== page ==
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Marketing That Works: Customer Experience

A recent trip to my grocery store got me thinking about customer experience as part of marketing. I was at Albertson’s, who a few years ago, jumped on the member-card bandwagon with everyone else. I didn’t really mind carrying my card, although I recognized the absurdity of creating a club for saving money just so the store could get some demographics.

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But last week, I saw signs everywhere telling me I no longer needed a card to save money. At first it left me feeling stripped. How would the system know how much I bought when there was a product campaign (like the one where I got a cheap pot for spending $500 in several months)?? But then I realized Albertson’s was taking customer experience into consideration. No doubt many people forgot their cards and grew frustrated. So now everyone can save money without the hassle.

A positive customer experience keeps people coming again and again.

A negative customer experience makes people tell others who will not buy from the brand under scrutiny. So it is to your benefit to ask yourself, what do my customers want? What would make their experiences better? It could be as simple as offering a cup of coffee to your clients, making the location of shopping baskets more convenient, or just thanking every customer when they leave.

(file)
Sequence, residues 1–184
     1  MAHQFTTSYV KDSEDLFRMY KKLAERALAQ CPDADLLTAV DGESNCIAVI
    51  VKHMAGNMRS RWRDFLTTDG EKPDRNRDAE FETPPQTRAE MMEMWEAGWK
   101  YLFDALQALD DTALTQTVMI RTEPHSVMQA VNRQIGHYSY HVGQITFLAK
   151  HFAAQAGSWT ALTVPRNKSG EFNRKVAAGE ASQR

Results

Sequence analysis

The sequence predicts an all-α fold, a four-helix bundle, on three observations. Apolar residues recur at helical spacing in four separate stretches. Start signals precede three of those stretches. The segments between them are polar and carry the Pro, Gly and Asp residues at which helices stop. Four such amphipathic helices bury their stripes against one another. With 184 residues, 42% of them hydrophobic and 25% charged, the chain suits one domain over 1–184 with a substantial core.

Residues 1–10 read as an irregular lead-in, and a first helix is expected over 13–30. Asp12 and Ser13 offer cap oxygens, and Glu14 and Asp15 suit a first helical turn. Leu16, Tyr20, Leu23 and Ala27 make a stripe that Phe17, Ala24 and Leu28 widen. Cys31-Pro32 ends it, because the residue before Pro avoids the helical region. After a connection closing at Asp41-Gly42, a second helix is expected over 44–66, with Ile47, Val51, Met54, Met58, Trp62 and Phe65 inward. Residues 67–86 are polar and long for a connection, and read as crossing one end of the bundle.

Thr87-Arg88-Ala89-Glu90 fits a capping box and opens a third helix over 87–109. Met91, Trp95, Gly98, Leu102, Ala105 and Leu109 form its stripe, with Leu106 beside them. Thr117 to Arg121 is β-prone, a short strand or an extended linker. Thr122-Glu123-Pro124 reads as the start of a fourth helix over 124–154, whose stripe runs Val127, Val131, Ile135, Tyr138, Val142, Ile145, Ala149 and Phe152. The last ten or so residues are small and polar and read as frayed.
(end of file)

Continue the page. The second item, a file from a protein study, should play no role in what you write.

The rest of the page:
Here are some other examples I’ve noticed that provide excellent customer experience:

  • POM Tea, I’d noticed, comes in an odd-shaped jar. I bought one and discovered it’s actually a glass! I didn’t even have to pour the tea out – I just drank it straight from the glass. I enjoyed the product and think of it every time I drink out of my POM glass (which is often).
  • Grocery stores like Kroger and Publix let you print stickers for your produce. Other stores like Albertson’s and Wal-Mart let you check out your groceries. Maybe this seems like more work to some, but I enjoy being able to check myself out.
    The Post Office has an automated stamp and package machine.
  • Amazon, the king of all customer experiences, customizes a user’s start page with items they might like based on shopping and viewing experiences.

What sets your company apart? What customer experiences do you offer?

Susan Guillory

Susan Guillory is the President of Egg Marketing & Communications, a content marketing firm based in San Diego. She’s written several business books, and frequently blogs about small business and marketing on sites including Forbes, AllBusiness, and Cision. Follow her on Twitter @eggmarketing.

This Post Has 3 Comments
  1. Bravo! Customer experience is often sacrificed for the sake of collecting detailed customer data. Although this data is quite valuable, there are certainly less intrusive means to collect quality data. Tying purchased items together can provide businesses with buying patterns and habits that can bundled with other available consumer knowledge.

    Let’s hope this move works out well for Albertson’s. Companies in many industries will be watching!

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